Introduction: Most previous research on non-nutritive sucking habits has been cross-sectional in nature. This study determined the prevalence of non-nutritive sucking habits and the effects on the developing dentition within a longitudinal observational cohort.
Methods: The Children in Focus group of the Avon Longitudinal Study of Pregnancy and Childhood study was studied. Questionnaire data on non-nutritive sucking habits were collected on the children at 15 months, 24 months, and 36 months of age. Dental examinations were performed on the same children at 31 months, 43 months, and 61 months of age.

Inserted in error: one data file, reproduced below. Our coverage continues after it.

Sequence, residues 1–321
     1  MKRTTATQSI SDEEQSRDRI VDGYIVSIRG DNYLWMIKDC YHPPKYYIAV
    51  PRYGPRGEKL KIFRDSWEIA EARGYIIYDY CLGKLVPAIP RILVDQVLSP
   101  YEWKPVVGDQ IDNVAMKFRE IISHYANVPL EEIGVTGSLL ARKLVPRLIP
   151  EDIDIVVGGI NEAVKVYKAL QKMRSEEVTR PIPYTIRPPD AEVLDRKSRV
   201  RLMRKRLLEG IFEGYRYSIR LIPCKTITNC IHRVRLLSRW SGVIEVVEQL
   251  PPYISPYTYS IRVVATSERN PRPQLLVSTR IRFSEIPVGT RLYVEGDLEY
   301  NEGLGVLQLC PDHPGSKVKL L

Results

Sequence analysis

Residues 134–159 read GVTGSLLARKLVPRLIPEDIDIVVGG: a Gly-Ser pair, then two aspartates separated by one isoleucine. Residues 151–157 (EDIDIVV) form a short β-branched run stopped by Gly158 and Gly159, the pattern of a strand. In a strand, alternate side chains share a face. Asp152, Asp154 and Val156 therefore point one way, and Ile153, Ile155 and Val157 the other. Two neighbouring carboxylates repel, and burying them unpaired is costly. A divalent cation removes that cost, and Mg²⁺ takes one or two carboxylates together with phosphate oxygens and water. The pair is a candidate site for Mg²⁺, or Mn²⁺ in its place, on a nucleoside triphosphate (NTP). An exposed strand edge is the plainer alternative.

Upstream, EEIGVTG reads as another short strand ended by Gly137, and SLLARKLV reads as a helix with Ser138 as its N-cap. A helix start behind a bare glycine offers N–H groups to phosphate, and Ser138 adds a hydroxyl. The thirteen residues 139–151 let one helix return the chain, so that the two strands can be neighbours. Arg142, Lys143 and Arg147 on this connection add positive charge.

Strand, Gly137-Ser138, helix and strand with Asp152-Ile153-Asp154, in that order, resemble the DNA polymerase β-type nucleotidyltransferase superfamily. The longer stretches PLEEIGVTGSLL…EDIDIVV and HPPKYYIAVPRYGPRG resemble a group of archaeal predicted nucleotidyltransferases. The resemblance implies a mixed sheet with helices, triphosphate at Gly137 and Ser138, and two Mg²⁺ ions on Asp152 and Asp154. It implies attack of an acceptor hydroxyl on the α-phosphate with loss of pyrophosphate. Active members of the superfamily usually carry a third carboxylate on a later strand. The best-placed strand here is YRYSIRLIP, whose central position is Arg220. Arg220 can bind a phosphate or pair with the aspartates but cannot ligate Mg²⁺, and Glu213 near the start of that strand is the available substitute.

Results: At 15 months, 63.2% of children had a sucking habit, 37.6% used just a dummy, and 22.8% used a digit. By 36 months, sucking had reduced to 40%, with similar prevalence of dummy and digit sucking. Both habits had effects on the developing dentition, most notably in upper labial segment alignment and the development of anterior open bites and posterior crossbites.
Conclusions: The majority of children had non-nutritive sucking habits up until 24 months of age. Both digit and dummy sucking were associated with observed anomalies in the developing dentition, but dummy-sucking habits had the most profound influence on the anterior and posterior occlusions of the children.